picture why we go through such effort to teach them these tools rather
than just hand-draw things. They also need to understand why folks still
do draw things.
List three that are easy to do in computer animation but difficult
in traditional animation, and three things easy to do in traditional animation
but hard in computer animation.
|Easy w/computer, hard w/traditional
||Easy w/traditional, hard w/computer |
- Changing viewpoints, moving the virtual camera around.
- Changing the textures / colors / lights of the scene.
- Making any changes at all through several iterations. Very little of
traditional animation can be re-used between iterations.
- Getting characters to look 3-D.
- Real physics to the motion.
- There are tools to facilitate so many tasks, like libraries of motions,
textures, etc. Most everything with traditional animation has to be created
from scratch every time.
- You can import scientific data (say of a cloud formation) and use it
in your animation.
- There are lots of techniques to get realistic motion - data capture
- Backgrounds. They're usually just matte paintings.
- Faces. It's much easier to draw an expression than to model a character
so that its surface patches can create that expression.
- Small simple animations. No modeling, no worries about lights, textures,
camera positions. That's one reason comic strips are still drawn.
- Making sure a character's feet don't slide when they walk.
Question 5 (20 points)
This synthesis question brings together some understandings of hierarchies
with a completely new idea: infinite recursive geometries, which they've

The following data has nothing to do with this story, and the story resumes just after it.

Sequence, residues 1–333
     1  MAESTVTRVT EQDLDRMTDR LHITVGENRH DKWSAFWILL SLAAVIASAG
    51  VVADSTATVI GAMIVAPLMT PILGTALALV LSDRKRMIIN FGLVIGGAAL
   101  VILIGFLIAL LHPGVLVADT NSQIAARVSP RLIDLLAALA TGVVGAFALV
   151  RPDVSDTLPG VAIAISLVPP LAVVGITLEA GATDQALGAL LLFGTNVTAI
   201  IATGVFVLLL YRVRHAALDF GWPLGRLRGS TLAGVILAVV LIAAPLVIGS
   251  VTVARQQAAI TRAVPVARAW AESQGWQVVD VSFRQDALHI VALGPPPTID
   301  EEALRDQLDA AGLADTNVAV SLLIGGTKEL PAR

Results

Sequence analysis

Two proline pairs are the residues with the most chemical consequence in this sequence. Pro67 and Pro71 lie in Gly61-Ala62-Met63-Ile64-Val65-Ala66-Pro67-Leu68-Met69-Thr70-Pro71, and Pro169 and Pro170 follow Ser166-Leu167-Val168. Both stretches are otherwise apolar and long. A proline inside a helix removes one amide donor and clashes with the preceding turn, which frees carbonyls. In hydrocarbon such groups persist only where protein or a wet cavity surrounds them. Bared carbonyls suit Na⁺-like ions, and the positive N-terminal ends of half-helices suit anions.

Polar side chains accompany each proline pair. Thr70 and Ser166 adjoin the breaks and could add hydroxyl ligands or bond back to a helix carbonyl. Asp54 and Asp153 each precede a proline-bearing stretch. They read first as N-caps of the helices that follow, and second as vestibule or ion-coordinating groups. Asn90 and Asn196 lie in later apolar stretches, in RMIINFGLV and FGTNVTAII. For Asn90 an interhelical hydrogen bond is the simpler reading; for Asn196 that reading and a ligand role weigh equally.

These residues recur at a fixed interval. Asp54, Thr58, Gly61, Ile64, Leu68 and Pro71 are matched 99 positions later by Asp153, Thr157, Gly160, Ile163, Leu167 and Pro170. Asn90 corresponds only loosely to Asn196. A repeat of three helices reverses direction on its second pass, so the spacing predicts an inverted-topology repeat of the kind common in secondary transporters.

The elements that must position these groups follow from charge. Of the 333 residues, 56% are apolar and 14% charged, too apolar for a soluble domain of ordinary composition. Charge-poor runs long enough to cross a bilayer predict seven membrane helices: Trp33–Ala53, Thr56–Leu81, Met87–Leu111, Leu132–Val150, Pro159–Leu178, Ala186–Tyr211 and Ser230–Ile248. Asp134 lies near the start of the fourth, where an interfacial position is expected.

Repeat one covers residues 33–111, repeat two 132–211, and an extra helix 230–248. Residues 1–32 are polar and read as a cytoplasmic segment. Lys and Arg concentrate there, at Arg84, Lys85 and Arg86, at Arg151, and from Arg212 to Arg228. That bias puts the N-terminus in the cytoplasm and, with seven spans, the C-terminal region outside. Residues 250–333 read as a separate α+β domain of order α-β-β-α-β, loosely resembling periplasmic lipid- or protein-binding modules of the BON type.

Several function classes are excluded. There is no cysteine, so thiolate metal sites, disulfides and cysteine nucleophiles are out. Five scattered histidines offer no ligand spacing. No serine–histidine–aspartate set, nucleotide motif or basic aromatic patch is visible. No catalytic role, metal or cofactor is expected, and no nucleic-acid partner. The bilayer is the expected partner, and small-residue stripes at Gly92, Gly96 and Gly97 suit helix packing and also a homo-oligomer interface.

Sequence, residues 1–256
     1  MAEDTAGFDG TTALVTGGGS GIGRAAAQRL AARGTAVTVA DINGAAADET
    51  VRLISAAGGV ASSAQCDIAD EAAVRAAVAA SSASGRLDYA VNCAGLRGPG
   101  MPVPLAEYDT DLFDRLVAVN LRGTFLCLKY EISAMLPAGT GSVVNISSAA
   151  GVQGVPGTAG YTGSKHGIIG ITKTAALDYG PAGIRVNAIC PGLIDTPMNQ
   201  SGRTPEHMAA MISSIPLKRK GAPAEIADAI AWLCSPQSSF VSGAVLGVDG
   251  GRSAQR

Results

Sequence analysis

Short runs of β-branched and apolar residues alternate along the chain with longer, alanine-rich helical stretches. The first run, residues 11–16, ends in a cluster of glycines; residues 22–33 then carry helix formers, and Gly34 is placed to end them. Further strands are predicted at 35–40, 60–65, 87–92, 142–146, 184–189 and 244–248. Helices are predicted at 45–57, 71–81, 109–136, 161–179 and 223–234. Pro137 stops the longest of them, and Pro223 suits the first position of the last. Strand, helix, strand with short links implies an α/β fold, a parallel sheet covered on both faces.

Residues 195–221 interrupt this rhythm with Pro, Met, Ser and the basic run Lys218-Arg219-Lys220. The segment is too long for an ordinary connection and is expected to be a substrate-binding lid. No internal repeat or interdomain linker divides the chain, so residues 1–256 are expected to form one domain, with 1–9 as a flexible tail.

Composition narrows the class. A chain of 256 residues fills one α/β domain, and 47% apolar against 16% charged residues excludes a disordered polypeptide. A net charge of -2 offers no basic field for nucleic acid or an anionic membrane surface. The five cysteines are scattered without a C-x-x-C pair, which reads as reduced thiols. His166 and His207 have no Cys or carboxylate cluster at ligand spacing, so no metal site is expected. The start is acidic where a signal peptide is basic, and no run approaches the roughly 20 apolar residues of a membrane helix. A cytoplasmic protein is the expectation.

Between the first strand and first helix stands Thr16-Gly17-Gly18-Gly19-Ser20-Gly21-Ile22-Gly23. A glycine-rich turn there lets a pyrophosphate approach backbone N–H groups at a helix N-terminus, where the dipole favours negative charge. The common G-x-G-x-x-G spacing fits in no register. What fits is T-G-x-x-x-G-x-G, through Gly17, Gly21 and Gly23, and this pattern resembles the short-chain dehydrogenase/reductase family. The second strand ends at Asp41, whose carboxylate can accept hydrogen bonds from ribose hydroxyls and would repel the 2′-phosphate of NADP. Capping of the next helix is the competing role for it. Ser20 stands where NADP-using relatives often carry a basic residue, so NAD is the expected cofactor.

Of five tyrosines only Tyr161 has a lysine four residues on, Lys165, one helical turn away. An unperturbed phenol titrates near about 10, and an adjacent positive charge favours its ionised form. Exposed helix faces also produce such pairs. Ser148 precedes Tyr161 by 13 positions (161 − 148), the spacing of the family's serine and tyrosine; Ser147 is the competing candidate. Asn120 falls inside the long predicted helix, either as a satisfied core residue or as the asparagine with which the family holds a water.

not really seen.
All of the hierarchies you've seen to date have been acyclic
trees. Your friend Flik suggests the following for a hierarchy:
- Why would you ever want such a crazy hierarchy? (i.e. what
objects would be represented nicely here?)
- What simple variable would you want to be able to add your
model and program to handle these objects?
- Fractal or recursive objects, such as a tree, fractal landscape, or
the model above.
- You'd want to be able to specify the depth of recursion for objects
(a number between 1 and infinity), as well as the depth of recursion your
system calculates for objects whose requested depth is infinite.
Question 6 (20 points)
This question tests whether they have acquired any evaluation skills
in the weekly crit sessions. What is shown will be a very rough animation
shown with lots of opportunity for constructive criticism.
In the corner video projector you'll see an animation looping
repeatedly. What are two comments you would suggest to the animator to have
them improve it? (i.e. what's wrong with it?)
To improve the animation, the animator could:
- Check the model again. There appear to be cracks in the geometry when
- Use more interesting textures. The default grey texture should never
- Use background images and floor planes. The black background should
never be seen.
- The pivot foot moves when the creature walks (the creature "travels"
in basketball terminology).
- Stabalize the camera. Just because you can put the camera on the head
of the mouse ("rodent-cam") doesn't mean you should. There's
too much jitter.